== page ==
This situation and a sense of puzzlement of how to deal with it is felt by friends people I speak to who are curators, teachers even art dealers who see Gagosian et al as setting the financial bar out of reach. Smaller to middle sized galleries who are not funded by PACE or some other hedge fund sized and capitalized gallery, are closing. Not able to compete with galleries who’s main claim it fame is the smell of money and buildings that rival the construction quality of the homes of Billionaires.

How do we have a conversation in our present? As artist – about culture. Let us leave social media out of the picture – just because it has become the kind of assumed route to reach people yet has the hugely problematic side.  I am sure at some point it comes into play but.

The core is about art making not its distribution system.

It has seemed to me that looking back on the art of the last fifty years (perhaps the whole 20-21st century) there has been the component of the artist’s charming and exaggerated claims for the social effects of their work. The Italian Futurists claiming a new world of speed and bullets are an early example.  Their claim was to see that everything else but that which they defined as outmoded.  Its late, I could go on – but to get to the present…

I see now that for better or for worse most of those claims today are not believed. When people do make claims I doubt them like I doubt the claims of a store bought cereal to make you healthy.  That said I think art is serious- that within the set of interactions offered between viewer and art work/event there are serious things that can transpire.





Since Joseph Beuys declared that „Everyone is an artist“ in the 1960s, the call for the ‚democratisation‘ of art has become one of the most powerful forces in the realm of culture and has since dominated, shaped and controlled art to an unparalleled degree. Yet the fact that this phrase’s vast success does not lie in being a powerful concept for art itself, but instead has -inadvertently- become one of the most successful advertising slogans of all time, perverting Beuys‘ original utopian intent into its very antithesis, is a truth that remains strangely hidden in plain sight. Weiterlesen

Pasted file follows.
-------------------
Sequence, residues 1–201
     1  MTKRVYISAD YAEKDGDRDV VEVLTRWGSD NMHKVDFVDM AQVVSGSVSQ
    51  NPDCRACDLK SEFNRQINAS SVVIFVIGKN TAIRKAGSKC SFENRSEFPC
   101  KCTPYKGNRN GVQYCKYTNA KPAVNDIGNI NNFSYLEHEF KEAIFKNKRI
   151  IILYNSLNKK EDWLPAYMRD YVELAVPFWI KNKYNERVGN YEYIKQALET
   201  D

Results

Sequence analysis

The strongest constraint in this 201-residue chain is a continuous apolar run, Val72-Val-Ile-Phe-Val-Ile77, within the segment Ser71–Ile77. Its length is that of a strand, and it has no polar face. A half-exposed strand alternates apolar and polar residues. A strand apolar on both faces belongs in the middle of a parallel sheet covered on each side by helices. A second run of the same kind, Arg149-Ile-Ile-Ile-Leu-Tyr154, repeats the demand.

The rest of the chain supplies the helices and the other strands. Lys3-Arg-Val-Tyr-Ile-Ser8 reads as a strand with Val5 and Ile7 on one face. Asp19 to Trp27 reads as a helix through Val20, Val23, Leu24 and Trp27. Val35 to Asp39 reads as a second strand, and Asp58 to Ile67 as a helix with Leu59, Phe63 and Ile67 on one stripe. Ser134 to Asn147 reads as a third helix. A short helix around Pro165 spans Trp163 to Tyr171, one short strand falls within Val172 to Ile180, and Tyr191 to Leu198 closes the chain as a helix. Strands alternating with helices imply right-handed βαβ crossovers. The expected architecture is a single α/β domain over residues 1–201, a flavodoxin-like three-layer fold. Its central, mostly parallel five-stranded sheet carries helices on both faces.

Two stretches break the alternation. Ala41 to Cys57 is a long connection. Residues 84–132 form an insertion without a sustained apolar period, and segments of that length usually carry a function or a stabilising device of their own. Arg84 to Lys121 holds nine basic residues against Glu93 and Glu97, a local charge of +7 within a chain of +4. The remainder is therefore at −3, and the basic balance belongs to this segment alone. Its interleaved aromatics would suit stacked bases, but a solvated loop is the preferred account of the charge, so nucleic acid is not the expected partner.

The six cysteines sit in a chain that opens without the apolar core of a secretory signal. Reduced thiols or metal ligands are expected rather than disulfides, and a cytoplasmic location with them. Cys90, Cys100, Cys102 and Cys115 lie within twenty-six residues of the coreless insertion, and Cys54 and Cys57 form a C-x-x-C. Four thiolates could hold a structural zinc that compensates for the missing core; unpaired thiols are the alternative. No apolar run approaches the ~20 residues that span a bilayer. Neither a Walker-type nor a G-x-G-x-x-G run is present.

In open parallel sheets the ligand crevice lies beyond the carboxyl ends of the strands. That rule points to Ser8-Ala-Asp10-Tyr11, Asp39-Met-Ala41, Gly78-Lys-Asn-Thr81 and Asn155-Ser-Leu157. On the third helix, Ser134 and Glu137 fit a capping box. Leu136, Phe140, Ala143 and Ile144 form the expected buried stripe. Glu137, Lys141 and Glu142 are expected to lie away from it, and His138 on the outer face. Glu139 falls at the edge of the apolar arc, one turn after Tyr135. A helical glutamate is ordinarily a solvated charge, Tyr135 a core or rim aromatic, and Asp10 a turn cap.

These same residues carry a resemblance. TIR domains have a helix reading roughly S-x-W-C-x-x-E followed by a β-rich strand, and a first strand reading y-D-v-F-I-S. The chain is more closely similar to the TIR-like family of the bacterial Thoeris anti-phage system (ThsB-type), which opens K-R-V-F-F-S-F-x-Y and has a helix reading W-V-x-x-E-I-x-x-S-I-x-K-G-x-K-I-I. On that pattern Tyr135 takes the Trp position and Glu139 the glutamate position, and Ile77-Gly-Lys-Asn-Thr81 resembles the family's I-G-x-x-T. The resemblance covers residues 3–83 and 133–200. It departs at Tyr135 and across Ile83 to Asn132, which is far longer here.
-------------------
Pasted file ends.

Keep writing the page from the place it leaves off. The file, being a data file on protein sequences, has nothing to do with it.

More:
It is my firm belief that we are about to reach a point where art has to be reconsidered. Art as a whole, rather than its particular aspects, facets, functions, determinants, uses or criteria. Not art institutions and forms of exhibition, mechanisms for promotion, selection or museal inclusion. The time has come to redefine art; to ask whether art is still possible nowadays. Or are we to make do with substitutes and simulacra? Might it be that performative marketing and aesthetically refined advertisements suffice? Only internal fluctuations of the art world? Weiterlesen


In jüngster Zeit ist das künstlerische Schaffen in eine Phase der Banalisierung getreten, die in erster Linie auf Marktmechanismen, auf den Erfolgsdruck des Künstlers und auf seinen Narzissmus zurückzuführen ist. Kurz gesagt, der tiefere Sinn des Kunstschaffens scheint ganz allgemein verloren gegangen zu sein. Wir sollten uns deshalb in Erinnerung rufen, was unter dem, was wir „Kunst“ nennen, eigentlich zu verstehen ist. Weiterlesen